This is useful. I was going to address the price-free criterion but Stevan has done a good job. I’ll add one or two additional concerns and see if he or anyone thinks they should be included
I hope we can agree on a spectrum like this:
closedAccess || weakOA ||<– strongOA –>| removal-of-all-permission-barriers (BBB, CC-BY)
Here || means a complete, clear barrier while | means potentially inclusive.  <– –> means a range of options. To help clarify:

  • closedAccess means either price barriers and/or access restrictions (specific logins) and/or embargo period and/or metadataOnly and/or abstractOnly and/or limited access to multiple documents.
  • weakOA means that anyone anywhere can bring up the full document on their screen (as often as they wish). They have no other rights other than “fair-use” (which is not relevant to OA IMO). All possible permission-barriers are in place. [we need to discuss these later.] I would interpret this a meaning there is only one type of weakOA and manifestations differ only in non-OA matters.
  • strongOA covers a spectrum defined by the removal of one or more permission barriers. Let’s assume there are N such. Then a document with 1 PB removed and N-1 PBs remaining is strongOA and so is a document with 1 PB remaining and N-1 removed. If all N PBs are removed this is a special case.
  • BBB, CC-BY are a special case of strongOA with no permission barriers that could be potentially removed.

If we can agree on this that will be useful. If not I have again failed to understand.
Now weakOA. Here are some additional comments for Stevan’s list:

  • weakOA must have the explicit or implicit permission of the publisher. Self-archiving (by individuals or institutions) forbidden by the publisher could lead to take-downs and is not therefore permanent OA.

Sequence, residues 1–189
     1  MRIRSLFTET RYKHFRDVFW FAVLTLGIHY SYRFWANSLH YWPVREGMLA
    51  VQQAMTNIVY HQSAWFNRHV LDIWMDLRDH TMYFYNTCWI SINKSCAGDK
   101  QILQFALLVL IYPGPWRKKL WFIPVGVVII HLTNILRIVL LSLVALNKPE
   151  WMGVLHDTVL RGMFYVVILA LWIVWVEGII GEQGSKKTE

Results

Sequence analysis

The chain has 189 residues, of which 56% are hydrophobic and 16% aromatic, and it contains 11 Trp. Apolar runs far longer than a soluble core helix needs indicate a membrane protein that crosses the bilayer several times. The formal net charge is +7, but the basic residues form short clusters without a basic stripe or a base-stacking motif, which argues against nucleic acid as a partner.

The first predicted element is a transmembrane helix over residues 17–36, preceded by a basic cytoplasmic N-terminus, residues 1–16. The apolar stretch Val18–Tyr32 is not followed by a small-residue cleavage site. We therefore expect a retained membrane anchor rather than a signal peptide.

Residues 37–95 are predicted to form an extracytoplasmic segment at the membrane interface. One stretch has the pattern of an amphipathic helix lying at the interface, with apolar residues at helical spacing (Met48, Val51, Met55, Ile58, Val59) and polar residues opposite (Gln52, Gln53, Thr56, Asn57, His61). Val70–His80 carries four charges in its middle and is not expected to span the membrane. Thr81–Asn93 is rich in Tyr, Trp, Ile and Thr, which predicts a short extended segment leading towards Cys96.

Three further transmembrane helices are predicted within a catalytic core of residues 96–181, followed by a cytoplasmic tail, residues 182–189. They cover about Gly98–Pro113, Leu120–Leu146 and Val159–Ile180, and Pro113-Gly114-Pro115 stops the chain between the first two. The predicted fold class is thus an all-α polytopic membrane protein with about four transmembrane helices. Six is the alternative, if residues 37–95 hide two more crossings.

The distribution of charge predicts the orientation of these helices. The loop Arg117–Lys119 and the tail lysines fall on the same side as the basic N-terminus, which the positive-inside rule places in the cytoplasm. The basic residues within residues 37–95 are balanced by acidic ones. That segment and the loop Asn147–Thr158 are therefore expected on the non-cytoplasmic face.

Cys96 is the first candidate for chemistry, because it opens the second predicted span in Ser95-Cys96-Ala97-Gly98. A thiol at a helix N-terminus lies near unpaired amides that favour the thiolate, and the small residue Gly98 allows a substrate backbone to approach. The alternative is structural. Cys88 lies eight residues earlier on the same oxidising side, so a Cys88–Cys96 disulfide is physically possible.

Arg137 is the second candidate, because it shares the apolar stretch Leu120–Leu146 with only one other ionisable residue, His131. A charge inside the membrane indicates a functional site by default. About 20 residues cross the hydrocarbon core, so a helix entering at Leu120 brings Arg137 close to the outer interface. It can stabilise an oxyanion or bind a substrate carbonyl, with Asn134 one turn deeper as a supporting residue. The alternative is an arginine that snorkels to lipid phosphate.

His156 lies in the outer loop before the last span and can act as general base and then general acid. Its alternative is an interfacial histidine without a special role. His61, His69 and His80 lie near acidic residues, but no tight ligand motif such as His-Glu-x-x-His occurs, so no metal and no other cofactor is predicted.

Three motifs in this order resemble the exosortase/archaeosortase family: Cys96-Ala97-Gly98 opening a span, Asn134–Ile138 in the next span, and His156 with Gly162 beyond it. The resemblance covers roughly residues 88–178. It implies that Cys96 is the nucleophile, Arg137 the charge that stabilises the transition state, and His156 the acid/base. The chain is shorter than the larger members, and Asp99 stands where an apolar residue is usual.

• I’d replace “gerrymandering” (which is to do with an electoral system) by “restricted technical access”. This includes DRM, explicit logins and restriction of the number or type of downloads.
  • weakOA in hybrid journals overrides any contractual obligations provided by the reader’s institution. Thus, as a domestic individual, I may be allowed to access multiple articles in a hybrid journal but if I do this from a university address the system might cut me off for overreaching the limit of downloads

weakOA has ALL conceivable permission barriers. We need to know what they are, because otherwise we cannot define anything as weakOA. Here are some currently enforced permission-barriers.

  • you may not store a local copy of the article on your machine
  • you may not mail copies of the article
  • you may not reproduce any of the article beyond fair use
  • you may not index it not publish an index
  • you may not use if for data or text-mining
  • you may not make print copies of the article

Stevan said:

Most Gold OA today is just Price-Barrier-Free OA.

which implies that this retains all the permissions. However if, for example, we regard the prohibition of storage on disk as a permission-barrier and if, then, a publisher removes it, then it makes the article strongOA. So it is probably easy to claim that almost all OA is strongOA. If so the use of “any permission-removal” to define strongOA makes it almost meaningless as it is always possible to find something you can do without ending up in court.
Note, in passing, that the NIH/PMC system is not even weakOA, so not OA at all. There is a restriction on the number of articles that can be downloaded so that if I access any particular one I may be cut off.
That’s not any form of Open Access

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  1. Pingback: Open Knowledge Foundation Weblog » Blog Archive » Beyond Strong and Weak: Towards a Typology of Open Access